Bill to ax policy giving teens access to vaccines without parental permission – Tennessee Lookout
A bill that effectively ends the so-called “Mature Minor” doctrine that has allowed some Tennessee teenagers to get vaccinated without parental permission was advanced to the legislature on Wednesday.
The law project, HB1380/SB111by Rep. John Ragan, R-Oak Ridge and Sen. Janice Bowling, R-Tullahoma is an outgrowth of the Republican reaction at the height of the COVID-19 pandemic, when Tennessee’s former vaccine chief distributed a note to health care providers describing existing state policy on vaccinating adolescents without parental consent.
The memo angered GOP leaders and got former vaccines chief, pediatrician Dr. Michelle Fiscus, fired from her job at the state Department of Health. The controversial and public termination of Fiscus in 2021 is still the subject of ongoing litigation in federal court. A trial in that case is scheduled for May 16.
I sat on the health committee this year and heard many times that parents weren’t allowed to treat their kids for a lot of things this year, but now it’s all up to the parents.
– Representative Bo Mitchell, D-Nashville
The proposed new law would require the written consent of a parent or legal guardian before a health care provider can provide vaccines. It would prohibit state agents – such as the Department of Children’s Services – from providing vaccines to children in custody unless parental permission has been granted or parental rights are terminated.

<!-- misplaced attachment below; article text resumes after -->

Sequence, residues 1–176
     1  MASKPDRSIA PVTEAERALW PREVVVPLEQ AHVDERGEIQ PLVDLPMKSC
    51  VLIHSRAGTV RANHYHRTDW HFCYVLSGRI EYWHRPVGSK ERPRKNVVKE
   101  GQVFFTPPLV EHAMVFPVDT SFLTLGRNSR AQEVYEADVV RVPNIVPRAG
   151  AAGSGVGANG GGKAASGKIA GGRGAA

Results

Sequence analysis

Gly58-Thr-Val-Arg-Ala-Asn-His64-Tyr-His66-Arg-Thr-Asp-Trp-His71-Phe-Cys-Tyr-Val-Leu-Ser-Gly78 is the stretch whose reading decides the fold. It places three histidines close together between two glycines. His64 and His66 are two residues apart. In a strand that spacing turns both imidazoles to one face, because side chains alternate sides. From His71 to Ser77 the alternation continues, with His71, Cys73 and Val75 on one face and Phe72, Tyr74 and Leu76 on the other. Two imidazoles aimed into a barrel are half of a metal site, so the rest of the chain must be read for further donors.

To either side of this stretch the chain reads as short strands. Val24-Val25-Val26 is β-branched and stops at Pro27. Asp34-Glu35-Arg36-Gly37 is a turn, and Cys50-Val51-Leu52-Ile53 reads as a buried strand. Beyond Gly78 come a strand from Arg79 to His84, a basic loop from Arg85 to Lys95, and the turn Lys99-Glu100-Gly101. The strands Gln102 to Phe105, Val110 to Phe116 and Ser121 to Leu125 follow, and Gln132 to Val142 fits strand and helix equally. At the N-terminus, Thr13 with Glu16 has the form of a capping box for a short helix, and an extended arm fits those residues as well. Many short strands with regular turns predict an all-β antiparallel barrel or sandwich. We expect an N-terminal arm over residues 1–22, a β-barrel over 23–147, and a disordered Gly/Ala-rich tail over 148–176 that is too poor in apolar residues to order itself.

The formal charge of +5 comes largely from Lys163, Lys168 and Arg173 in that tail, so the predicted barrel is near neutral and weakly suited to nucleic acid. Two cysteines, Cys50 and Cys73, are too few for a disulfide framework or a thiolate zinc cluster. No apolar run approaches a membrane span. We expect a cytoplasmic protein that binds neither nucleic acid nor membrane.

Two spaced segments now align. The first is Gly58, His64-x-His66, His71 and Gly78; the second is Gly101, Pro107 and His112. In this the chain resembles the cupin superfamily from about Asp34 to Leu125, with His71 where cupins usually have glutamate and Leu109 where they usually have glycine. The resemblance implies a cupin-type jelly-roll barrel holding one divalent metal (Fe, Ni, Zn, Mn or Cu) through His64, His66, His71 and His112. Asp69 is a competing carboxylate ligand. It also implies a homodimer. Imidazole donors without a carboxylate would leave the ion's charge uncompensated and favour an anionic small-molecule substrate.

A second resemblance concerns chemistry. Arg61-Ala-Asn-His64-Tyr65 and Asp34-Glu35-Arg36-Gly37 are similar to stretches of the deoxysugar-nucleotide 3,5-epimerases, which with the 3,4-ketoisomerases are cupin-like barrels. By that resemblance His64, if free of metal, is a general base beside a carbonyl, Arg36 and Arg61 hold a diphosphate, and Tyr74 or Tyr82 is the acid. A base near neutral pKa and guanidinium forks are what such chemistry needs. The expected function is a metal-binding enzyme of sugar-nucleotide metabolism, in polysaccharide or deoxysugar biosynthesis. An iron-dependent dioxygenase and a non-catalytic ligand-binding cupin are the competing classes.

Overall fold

The bill would also end a COVID-19-specific policy that allowed health care providers to administer vaccines without parental permission if a child was abused or neglected by a caregiver. parent or guardian.
“Children belong to their families,” Ragan said Thursday. “Not the state. Not DCS.
“Miners are restricted in a number of ways,” Ragan said. “Thirteen-year-olds can’t drive. 15-year-olds cannot enlist in the army. 17-year-olds can’t smoke or get tattoos. Honestly, the law recognizes that at different ages, judgment is not strong enough to understand consequences and long-term decisions.
The bill, Ragan noted, would give children the option to ask a judge for permission to get vaccinated.
Representative Bo Mitchell, a Democrat from Nashville, pushed back against the plan, noting that there are circumstances in which parents do not exercise their own responsibility to ensure their children receive vaccines.
He also suggested that fellow Republicans had a double standard.
“I sat on the health committee this year and heard many times that parents weren’t allowed to treat their children for a lot of things this year, but now it’s all up to the parents,” said Mitchell said.
Mitchell did not elaborate on those previous discussions, but the House health committee that heard the vaccine bill on Thursday also voted in favor of legislation limiting gender-affirming care to minors despite the objection from parents of transgender children.
“If a child has the common sense to make sure that he’s going to get the meningitis shot or he’s going to get the measles shot or the mumps shot, or he sees maybe millions of people die in the world because of a pandemic, and they have the good sense to go get vaccinated and they’re 14 or older…I don’t see how that’s bad for our society,” Mitchell said.
The bill will then be heard in the House Government Operations Committee; it has already advanced in the Senate and is expected to be passed by the Legislative Assembly this year.
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